'The loan is [intended] to retroactively finance the purchase of approximately 8 million doses of vaccines and related supplies,' said a World Bank statement. 'It will also finance the purchase of ancillary vaccination supplies, including personal protective equipment (PPE), medicines, and medical tests and supplies; [and] transportation services for vaccine deployment,' the World Bank added. On June 28, the Assembly approved the contract with the World Bank to receive the loan disbursements.

President Nayib Bukele in June 2021, giving a speech on the occasion of his second year in office. Photo: Víctor Peña/El Faro
 
President Nayib Bukele in June 2021, giving a speech on the occasion of his second year in office. Photo: Víctor Peña/El Faro

In November 2020, the Attorney General's Office raided the Ministry of Health for evidence of corruption in 66% of pandemic purchases. The Ministry of Health responded by placing a 7-year hold on all public procurement information, including vaccines, protective equipment, masks, transport equipment, and other medical supplies. In May 2021, the Bukele-controlled legislature dismissed the Attorney General and appointed Rodolfo Delgado in his place. Delgado disbanded the unit investigating irregularities in these purchases and ended its agreement with the OAS-backed International Commission against Impunity in El Salvador (CICIES), which had also alleged that these purchases showed signs of corruption. In May 2021, Nuevas Ideas legislators approved an immunity order that protects officials and employees from consequences for irregularities that may have occurred in the pandemic purchases. The order also eliminated the Procurement Law’s controls.

Fiscal Adjustment  

Last March, the government began to outline a series of measures to avoid defaulting after it failed to negotiate an agreement with the International Monetary Fund (IMF) to obtain a $1.3 billion loan. On March 31, the Treasury Ministry gave investors a list of measures to start the fiscal adjustment.

Outreach to investors began in February 2022 when the government organized an event 'whose purpose is to improve dialogue with Wall Street as the country recovers from the pandemic-induced recession,' according to correspondence between the ministry and investors, dated on March 31. In the document, the government promised to implement five measures to increase revenues by $380 million, as well as four measures to generate $674 million in savings.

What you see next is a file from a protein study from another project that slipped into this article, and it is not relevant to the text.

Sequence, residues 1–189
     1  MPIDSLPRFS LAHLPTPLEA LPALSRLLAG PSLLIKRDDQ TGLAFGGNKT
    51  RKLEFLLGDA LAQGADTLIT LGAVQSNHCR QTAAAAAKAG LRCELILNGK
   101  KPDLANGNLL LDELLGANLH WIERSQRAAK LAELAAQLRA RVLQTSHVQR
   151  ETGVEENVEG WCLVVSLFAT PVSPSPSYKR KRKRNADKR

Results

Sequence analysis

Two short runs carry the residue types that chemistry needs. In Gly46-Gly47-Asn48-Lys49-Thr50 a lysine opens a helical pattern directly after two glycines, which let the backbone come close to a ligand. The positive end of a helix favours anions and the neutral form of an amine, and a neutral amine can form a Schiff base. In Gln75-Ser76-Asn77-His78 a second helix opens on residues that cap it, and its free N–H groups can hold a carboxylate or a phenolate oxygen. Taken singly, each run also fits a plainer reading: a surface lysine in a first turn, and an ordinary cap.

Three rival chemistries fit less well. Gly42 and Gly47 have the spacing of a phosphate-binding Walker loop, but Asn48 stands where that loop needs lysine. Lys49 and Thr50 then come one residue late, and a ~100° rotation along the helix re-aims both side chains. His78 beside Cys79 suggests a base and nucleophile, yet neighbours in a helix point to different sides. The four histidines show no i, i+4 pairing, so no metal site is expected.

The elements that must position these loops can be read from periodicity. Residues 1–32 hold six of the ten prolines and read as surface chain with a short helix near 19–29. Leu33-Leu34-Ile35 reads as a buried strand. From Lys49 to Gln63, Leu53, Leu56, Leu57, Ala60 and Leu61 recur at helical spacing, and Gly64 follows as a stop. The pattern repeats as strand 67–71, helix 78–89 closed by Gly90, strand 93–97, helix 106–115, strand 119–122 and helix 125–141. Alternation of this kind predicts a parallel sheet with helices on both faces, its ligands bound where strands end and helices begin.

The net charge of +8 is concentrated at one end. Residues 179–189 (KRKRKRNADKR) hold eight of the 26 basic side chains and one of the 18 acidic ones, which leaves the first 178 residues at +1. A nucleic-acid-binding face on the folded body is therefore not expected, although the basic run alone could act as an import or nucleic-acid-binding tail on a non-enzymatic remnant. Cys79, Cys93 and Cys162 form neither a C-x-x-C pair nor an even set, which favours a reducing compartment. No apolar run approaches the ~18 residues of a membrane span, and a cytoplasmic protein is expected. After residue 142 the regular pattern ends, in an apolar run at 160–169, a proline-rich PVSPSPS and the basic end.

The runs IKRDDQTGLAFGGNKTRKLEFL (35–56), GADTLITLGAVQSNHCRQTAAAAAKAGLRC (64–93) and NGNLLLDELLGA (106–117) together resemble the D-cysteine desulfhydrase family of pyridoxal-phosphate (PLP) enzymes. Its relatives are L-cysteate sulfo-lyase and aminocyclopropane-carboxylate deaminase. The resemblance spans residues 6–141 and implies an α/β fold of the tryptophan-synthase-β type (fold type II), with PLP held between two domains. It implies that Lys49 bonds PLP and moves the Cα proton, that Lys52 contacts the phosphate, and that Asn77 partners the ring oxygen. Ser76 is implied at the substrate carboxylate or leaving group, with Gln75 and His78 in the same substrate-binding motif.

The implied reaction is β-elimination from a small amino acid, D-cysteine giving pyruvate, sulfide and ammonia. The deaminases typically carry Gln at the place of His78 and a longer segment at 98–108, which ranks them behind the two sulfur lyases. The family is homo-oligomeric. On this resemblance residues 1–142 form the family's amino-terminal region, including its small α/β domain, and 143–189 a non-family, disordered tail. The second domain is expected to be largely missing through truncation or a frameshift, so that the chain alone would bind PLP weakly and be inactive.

The document contains ideas that are not fully explained. For example, to increase revenues, the ministry promised to collect an additional $130 million from the largest taxpayers; $115 million by eliminating unspecified exemptions; $15 million from new tobacco taxes; $10 million from gun license renewal fees; and $110 million from 'multiple initiatives.'

According to the document, in order to generate savings, the Treasury Ministry promised investors spending cuts, some of which have already begun. For example, they promised to cut $260 million from the Fund for Economic and Social Development (FODES). In addition to eliminating FODES, the government passed new laws this year including one that created the Executive-controlled Directorate of Municipal Works, which has monopolized the resources that used to go to the municipalities. 

The correspondence between the Treasury Ministry and investors mentions $114 million in 'additional budget cuts,' which were reflected in the reduction of budget items for social programs; $130 million through the creation of a program for the 'modernization and restructuring of the federal government,' and a savings of $170 million through a 'Promotion and Development of Human Talent' program.  The cuts and programs must be included in the 2023 Budget; the government has until the last day of September to submit the budget.

In its correspondence with investors, the ministry mentioned that it made progress in 2021 in talks with the Inter-American Development Bank (IDB) to arrange a 'contingent loan' of $400 million for emergencies. El Faro asked the IDB for information on the status of these talks but had not received a response at press time.

 

*Translated by Jessica Kirstein